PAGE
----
In order to work through feelings of resentment and reduce bickering, consider a family discussion about the deeper symbolism of household chores. Taking ownership of the cleanliness and upkeep of your home demonstrates respect and care for those who live there. When you’re feeling more clear-headed, you can simplify things by creating a chart of tasks that need to get done daily and weekly. Assign them to family members and then post the chart where everyone can see it, like on the refrigerator door.
Even if the tasks are not shared equitable, the assignment can ensure everyone participates. In hetero-relationships, we also counsel male partners to remain mindful of the “emotional labour” women typically carry. These are the invisible tasks of “project managing” the chores chart, booking medical appointments, planning meals, arranging kids activity schedules etc. Most important of all, becoming mindful of the contributions everyone makes to the household can spark an appreciation for each other. These positive vibes almost always help to diffuse tensions that exist in families over household chores.
Relationship Problem #2: Different Parenting Styles
Are you a homeschooling guru, while your spouse believes in free-spirited play? Do you find yourself wondering how the hell you missed your spouse’s permissive attitude towards screen time, while you more carefully monitor the kids T.V.? Are you arguing about how the kids should behave during dinner and bathtime? If so, you’re not alone.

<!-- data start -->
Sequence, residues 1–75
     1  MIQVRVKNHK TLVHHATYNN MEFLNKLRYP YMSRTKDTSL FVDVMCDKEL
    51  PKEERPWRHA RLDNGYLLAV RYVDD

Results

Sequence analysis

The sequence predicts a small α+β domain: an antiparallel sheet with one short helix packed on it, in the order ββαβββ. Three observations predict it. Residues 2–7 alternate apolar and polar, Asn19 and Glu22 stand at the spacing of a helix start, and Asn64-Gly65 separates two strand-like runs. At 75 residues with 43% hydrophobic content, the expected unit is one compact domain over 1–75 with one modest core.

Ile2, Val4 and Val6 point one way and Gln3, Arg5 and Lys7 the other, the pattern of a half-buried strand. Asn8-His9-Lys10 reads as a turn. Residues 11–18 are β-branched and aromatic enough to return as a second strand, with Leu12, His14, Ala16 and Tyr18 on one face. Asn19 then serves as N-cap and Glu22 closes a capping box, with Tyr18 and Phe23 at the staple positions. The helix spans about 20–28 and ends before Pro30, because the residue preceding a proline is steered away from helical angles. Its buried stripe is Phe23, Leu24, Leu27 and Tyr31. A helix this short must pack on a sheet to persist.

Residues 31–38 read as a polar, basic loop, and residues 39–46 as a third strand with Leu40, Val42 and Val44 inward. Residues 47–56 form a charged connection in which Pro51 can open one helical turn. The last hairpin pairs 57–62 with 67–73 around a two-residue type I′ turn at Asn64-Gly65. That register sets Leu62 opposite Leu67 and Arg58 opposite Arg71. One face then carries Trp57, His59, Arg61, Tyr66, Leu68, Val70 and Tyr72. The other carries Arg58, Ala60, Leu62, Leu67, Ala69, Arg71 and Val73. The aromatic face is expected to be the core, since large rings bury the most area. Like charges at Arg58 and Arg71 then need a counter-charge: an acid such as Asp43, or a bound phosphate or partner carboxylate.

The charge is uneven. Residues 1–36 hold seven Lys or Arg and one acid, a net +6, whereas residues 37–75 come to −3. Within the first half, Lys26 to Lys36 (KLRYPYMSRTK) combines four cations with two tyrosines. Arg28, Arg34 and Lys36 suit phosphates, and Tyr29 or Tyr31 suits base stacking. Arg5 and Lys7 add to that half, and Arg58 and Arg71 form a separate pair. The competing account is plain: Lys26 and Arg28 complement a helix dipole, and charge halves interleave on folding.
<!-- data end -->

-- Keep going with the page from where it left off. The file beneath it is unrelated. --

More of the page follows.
Co-parenting has never been so exclusive and intensive. In close proximity, your differing parenting styles will not only become apparent, but they will also get magnified. And, your kids can pick up on this. Parenting a teenager is tough on couples, and once they start playing one parent off the other, your relationship problems will get worse. Therapists call this triangulation, and over time, it causes structural and long-lasting cracks in family units.
Overcoming the problem:
Couples need to take time to discuss the deeper emotional themes beneath the parenting squabbles. Find an appropriate and calm time to discuss what your biggest fears are about parenting. Perhaps you are afraid your child will suffer low self-esteem if you don’t challenge them enough? Maybe you worry that their grades will suffer without strong discipline over homework? It is important for you to name these underlying fears that drive your parenting style so you can clearly communicate them to your partner. Once you see that you are both working towards the same ultimate goal, namely, raising happy, healthy kids, it can take the bitterness out of the conflict. Seeing your partner’s worry beneath their frustration can help you view them more compassionately and feel more cooperative.